Parents who can afford to help their children are not standing idly by as housing costs have increased. Around 8% of millennials who are no longer in school get help from their parents on the monthly rent, according to a March report from Apartment List.
Other parents are going a step further: Purchasing homes in some of the country’s most competitive housing markets for their kids to live in. Data demonstrating how frequently parents buy homes for their kids does not currently exist.
However, co-buying, where multiple, non-married buyers are listed on the sales deed, has become increasingly common in some of the country’s most popular housing markets, according to Daren Blomquist, senior vice president at real-estate data firm Attom Data Solutions. Many of these transactions involve parents helping their kids buy a home (or buying the home for them altogether.)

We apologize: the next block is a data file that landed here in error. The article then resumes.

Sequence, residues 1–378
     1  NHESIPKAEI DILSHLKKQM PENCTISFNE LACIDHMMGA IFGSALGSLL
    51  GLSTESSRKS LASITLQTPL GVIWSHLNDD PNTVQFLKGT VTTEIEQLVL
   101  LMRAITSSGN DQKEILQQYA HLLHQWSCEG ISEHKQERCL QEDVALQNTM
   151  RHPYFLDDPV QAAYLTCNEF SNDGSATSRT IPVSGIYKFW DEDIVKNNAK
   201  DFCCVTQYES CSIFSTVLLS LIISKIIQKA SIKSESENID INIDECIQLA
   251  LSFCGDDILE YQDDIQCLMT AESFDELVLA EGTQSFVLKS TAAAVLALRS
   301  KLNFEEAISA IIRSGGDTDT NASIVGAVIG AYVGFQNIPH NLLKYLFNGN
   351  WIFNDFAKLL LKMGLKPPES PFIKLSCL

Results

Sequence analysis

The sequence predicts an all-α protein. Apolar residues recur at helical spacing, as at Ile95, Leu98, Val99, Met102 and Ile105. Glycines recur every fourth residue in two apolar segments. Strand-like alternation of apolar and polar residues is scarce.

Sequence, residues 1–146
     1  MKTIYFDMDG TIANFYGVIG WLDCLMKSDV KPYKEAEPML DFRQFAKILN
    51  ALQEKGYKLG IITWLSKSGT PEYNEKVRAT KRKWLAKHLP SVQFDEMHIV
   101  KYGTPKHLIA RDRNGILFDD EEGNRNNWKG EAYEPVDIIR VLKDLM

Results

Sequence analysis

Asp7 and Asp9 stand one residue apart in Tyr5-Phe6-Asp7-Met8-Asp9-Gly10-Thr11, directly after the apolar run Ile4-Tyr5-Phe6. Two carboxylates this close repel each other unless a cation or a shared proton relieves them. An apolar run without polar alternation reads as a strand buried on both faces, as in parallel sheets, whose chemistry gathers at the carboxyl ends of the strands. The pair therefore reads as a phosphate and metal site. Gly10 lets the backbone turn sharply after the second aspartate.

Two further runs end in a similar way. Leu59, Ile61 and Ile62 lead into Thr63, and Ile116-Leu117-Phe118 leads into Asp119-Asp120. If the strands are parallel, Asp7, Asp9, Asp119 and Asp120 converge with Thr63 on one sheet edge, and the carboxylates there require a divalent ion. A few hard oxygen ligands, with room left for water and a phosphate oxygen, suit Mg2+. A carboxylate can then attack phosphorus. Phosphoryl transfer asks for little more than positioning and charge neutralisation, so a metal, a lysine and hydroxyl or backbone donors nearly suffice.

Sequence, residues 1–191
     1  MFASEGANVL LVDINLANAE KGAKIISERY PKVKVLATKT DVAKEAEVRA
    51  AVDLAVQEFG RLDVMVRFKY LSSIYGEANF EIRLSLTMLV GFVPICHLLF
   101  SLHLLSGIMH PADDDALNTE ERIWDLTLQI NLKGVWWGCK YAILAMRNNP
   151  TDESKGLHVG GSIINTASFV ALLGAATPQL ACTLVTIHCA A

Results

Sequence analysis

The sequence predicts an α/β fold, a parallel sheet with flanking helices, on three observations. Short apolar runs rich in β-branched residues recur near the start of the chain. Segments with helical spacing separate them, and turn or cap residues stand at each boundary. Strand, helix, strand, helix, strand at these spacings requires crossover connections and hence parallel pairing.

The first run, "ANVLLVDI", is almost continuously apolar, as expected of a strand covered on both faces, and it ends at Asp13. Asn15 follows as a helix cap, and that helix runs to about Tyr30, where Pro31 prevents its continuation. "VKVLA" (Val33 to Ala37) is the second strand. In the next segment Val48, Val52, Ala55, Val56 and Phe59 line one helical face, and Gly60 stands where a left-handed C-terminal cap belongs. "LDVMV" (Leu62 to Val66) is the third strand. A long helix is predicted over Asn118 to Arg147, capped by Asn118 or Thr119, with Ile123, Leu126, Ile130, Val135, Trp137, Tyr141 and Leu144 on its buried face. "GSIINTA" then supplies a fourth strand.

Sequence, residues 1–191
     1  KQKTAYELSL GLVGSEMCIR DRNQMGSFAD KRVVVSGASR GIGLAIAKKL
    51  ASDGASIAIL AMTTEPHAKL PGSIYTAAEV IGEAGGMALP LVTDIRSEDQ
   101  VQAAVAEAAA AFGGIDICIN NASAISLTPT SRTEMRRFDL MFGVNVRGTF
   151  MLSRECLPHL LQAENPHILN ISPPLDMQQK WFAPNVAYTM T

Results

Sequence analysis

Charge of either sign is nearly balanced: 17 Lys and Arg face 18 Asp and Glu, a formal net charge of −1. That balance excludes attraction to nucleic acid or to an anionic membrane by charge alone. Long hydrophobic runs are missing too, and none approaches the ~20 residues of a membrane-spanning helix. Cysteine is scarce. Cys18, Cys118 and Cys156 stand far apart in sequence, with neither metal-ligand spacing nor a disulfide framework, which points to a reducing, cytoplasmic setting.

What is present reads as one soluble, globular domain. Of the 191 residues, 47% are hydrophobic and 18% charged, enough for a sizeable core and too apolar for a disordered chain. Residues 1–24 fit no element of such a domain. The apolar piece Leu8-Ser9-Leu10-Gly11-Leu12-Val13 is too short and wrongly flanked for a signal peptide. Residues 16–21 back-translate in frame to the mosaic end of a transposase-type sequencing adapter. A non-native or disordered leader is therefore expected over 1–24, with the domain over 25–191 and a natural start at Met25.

In San Jose, Calif., nearly half (49.3%) of all housing sales involve co-buyers as of the second quarter of 2018, according to a report from Attom. Other cities where 25% or more sales involve multiple buyers include San Francisco, Honolulu, Seattle, Miami, Boston and even Durham, N.C.
Around 8% of millennials who are no longer in school get help from their parents on the monthly rent, according to a March report from Apartment List.
Moreover, more than one in four (26.2%) of mortgage borrowers who took out a Federal Housing Administration-insured loan received assistance from a family member to afford their down payment, according to an annual report released Friday by the FHA. That’s up from 22% back in 2011.
Parents who are lucky enough to have the resources to help their children may consider buying real estate a win-win investment, because home values generally go up over time (with the notable exception of the housing market crash that preceded 2008 financial crisis.)
However, buying a home for your kids — or for your kids to temporarily use — is not fool-proof. “Because home values are slowing down, it’s not a no-brainer right now that buying a home as an investing decision will go well,” said Skylar Olsen, director of economic research and outreach for Zillow.